Space Radiation Exposure Calculations for Bone Marrow Sites in the Human Body 2002-01-2461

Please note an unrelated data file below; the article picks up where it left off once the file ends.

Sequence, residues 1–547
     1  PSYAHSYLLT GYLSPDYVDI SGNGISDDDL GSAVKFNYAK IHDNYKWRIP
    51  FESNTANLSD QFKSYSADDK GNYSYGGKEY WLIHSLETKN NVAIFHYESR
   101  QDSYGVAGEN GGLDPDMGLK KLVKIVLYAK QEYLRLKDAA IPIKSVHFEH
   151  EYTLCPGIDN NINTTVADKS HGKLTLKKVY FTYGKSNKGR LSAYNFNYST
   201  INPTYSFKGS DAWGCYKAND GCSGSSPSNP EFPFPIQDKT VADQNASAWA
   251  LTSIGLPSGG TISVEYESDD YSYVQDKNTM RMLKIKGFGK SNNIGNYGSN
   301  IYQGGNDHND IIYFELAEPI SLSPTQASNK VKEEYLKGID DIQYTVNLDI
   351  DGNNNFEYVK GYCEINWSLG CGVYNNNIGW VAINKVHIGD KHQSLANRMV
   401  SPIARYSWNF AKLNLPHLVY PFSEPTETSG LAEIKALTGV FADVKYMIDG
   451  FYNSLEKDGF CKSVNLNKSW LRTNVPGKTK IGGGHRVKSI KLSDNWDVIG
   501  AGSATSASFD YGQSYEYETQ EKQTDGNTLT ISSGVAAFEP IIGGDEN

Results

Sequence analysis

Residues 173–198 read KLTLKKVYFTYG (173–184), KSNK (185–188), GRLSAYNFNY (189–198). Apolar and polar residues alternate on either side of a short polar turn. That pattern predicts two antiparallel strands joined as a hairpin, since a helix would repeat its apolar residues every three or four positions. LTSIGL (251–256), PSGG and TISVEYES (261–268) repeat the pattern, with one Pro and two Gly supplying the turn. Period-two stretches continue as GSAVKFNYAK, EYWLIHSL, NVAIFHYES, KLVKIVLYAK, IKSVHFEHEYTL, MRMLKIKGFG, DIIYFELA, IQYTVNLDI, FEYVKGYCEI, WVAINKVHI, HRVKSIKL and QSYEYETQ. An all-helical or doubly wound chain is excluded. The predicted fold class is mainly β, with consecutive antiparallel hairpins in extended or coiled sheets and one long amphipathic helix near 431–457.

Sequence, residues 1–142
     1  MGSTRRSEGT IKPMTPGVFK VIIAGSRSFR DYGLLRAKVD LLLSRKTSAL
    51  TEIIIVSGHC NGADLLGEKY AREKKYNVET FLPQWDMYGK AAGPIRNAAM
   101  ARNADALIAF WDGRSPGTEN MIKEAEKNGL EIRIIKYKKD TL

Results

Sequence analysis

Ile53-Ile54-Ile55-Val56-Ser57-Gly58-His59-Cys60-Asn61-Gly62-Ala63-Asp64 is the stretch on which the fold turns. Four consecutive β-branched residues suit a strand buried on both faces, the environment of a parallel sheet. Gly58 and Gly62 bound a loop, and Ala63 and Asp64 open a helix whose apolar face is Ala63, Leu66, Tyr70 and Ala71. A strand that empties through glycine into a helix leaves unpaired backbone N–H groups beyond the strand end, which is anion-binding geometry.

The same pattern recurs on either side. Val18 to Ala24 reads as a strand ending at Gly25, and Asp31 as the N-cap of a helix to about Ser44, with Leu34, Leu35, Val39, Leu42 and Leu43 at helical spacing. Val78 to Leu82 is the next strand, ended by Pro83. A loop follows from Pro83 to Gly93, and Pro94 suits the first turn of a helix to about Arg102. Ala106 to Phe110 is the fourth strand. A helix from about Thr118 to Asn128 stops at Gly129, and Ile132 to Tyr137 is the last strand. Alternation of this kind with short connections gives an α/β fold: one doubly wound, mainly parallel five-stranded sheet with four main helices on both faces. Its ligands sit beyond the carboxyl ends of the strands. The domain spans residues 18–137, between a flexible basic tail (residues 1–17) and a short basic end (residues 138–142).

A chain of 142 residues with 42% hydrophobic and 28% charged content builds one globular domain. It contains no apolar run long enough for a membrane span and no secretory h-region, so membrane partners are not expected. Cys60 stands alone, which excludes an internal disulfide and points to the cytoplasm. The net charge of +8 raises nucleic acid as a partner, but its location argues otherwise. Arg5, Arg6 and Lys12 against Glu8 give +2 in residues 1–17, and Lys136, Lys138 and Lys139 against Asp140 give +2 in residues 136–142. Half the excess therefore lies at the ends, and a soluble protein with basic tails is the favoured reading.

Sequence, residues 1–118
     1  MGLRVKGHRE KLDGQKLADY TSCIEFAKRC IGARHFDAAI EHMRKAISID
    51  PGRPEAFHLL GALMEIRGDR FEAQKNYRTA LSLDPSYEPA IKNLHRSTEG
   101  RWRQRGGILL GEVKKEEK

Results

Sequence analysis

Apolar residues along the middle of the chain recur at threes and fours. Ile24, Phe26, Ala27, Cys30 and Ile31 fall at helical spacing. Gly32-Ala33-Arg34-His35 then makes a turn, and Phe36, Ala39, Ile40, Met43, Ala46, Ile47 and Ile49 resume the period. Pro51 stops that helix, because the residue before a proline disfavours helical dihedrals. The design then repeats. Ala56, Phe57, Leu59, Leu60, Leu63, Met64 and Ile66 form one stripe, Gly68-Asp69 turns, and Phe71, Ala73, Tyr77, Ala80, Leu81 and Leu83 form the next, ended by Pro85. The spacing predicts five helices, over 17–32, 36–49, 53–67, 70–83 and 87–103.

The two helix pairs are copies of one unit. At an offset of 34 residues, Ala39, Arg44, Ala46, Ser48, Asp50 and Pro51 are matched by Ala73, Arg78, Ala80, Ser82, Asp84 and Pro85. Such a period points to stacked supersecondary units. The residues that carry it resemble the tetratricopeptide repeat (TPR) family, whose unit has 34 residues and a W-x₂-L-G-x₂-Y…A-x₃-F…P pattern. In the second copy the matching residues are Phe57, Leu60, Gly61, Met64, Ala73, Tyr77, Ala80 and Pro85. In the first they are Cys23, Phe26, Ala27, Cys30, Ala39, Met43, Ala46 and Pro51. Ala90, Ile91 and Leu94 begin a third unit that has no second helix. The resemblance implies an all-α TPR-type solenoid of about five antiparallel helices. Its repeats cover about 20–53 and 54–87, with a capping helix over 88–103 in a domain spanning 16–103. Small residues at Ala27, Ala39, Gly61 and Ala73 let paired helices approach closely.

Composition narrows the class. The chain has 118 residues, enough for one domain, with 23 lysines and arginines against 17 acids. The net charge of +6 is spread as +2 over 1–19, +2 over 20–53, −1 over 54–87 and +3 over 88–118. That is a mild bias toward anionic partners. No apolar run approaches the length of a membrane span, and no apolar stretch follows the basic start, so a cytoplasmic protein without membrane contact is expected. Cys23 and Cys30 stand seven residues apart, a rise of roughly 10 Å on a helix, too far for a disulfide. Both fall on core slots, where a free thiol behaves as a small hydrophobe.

A human phantom torso experiment (PTE) has flown in space twice: once on Space Shuttle mission STS-91 (June 1998), and once on the International Space Station (ISS) (mid 2001). During these flights active and passive radiation dosimeters recorded space radiation exposures to five critical body organs (brain, thyroid, heart/lung, stomach, and colon) and to several surface (skin) locations. There are also plans to fly the PTE during the ISS 12A.1 mission with the Increment 8 crew (2003) and to fly a similar phantom torso experiment, called “Matroshka,” which will be mounted external to and on the ISS Service Module (2004). Recently, there has been interest expressed within the radiation biology community for measurements at specific red (and yellow) bone marrow sites in the human body. Current plans are to repeat the above organ site measurements, but also take space radiation measurements at several selected bone marrow sites in the forthcoming PTE and Matroshka flights. In this paper bone marrow computational exposures are presented for 52 identified locations in the human body using a modified version of the Computerized Anatomical Male (CAM) model. A “typical” ISS orbit of 385-km altitude and 51.6-deg inclination is used during a period of solar maximum. These results can provide utility to the experimenters, first, by establishing a pre-mission baseline threshold and exposure range, and second, as a post-flight comparison with their measurements, with the particle environment models, and with the spacecraft and human shielding models.